Participants in world's largest rocket contest showcase designs for President Obama
Arlington, Va. -- President Obama highlighted the efforts of team members, teachers and parents from a Presidio, Texas, school that worked to raise funds to participate in the Team America Rocketry Challenge (TARC) contest in remarks at the second White House Science Fair. Lauding the initiative and creativity of all the students at the fair, the president mentioned that the Presidio High School team, from one of the poorest school districts in Texas, had even sold a goat as part of its fundraising efforts. The fair celebrates student winners from a broad range of Science, Technology, Engineering and Mathematics (STEM) competitions from across the country.
Gwynelle Condino, Ana Karen Nieto and Janet Nieto from Presidio High School along with Landon Fisher, national 2011 champion from Rockwall-Heath High School, had their rockets in hand to show President Obama what was required to build a rocket to meet the demanding specifications of the Team America Rocketry Challenge.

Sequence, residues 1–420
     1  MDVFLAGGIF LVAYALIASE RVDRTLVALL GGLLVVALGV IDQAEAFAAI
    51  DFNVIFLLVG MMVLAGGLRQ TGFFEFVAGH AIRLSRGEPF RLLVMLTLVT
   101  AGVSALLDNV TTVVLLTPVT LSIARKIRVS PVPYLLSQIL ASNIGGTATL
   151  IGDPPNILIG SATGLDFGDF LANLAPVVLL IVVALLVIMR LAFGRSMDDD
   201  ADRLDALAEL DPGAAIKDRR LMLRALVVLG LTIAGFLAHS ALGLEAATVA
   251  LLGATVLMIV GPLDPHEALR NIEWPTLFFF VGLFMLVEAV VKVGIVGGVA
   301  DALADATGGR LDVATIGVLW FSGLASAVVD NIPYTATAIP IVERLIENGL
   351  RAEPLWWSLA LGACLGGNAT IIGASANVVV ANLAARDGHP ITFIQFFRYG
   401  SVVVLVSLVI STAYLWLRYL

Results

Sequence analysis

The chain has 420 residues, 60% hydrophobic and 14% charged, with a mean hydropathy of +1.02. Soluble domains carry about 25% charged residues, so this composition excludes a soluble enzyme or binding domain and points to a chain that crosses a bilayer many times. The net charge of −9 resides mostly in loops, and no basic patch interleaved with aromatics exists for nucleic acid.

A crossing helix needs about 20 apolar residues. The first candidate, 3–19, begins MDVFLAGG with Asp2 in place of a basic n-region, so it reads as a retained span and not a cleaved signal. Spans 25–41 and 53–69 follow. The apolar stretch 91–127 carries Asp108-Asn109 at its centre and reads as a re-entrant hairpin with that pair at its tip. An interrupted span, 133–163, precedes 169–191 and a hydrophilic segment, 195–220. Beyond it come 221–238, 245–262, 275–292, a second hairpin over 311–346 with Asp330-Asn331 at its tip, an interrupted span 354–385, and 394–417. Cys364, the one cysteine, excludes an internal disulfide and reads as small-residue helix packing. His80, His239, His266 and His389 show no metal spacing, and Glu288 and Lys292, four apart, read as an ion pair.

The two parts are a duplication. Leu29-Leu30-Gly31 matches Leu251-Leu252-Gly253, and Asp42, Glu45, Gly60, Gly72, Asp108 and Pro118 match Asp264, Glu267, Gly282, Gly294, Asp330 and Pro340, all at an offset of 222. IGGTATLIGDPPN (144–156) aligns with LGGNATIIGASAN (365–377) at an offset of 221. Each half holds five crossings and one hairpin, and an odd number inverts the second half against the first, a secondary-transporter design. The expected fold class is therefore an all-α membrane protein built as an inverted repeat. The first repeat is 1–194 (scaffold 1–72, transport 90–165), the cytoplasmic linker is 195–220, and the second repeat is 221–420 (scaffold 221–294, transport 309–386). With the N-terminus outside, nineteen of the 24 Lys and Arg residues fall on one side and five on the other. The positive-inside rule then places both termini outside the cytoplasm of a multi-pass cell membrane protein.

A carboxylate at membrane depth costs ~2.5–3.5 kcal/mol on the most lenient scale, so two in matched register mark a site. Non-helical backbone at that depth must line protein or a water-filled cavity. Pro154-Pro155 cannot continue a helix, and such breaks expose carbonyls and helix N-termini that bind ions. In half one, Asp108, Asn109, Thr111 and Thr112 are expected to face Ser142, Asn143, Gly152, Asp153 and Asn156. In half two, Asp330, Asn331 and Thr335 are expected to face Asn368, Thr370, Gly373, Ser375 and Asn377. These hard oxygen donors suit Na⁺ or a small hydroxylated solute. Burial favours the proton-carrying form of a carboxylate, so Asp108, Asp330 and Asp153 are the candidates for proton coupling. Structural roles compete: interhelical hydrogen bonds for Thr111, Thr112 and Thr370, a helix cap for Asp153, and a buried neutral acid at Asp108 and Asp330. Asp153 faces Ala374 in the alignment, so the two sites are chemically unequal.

"We are so pleased TARC students have the opportunity to exhibit their great work alongside some of the country's most talented young minds in STEM," said Marion C. Blakey, president and CEO of the Aerospace Industries Association, TARC's primary sponsor. "I know the kids were thrilled to get the recognition from the president. From our perspective, the science fair aligns directly with our goals to create a workforce development model for our industry and other related sectors."
As part of the 2012 competition, TARC teams must design and build a rocket carrying a two-egg payload to 800 feet and back during a 43- to 47-second flight without cracking the eggs. A strict limit on liftoff weight forces students to focus on designing the payload bay while building a lighter, stronger rocket. The top 100 teams will advance to the National Finals on May 12 at Great Meadow in The Plains, Va.
Sponsored by the Aerospace Industries Association, the National Association of Rocketry and more than 30 industry partners, TARC aims to inspire middle and high school students to pursue further study and careers in STEM. To date, more than 50,000 students have participated in the event. This year marks the competition's 10th anniversary and features 700 teams from 48 states, the District of Columbia and the Virgin Islands.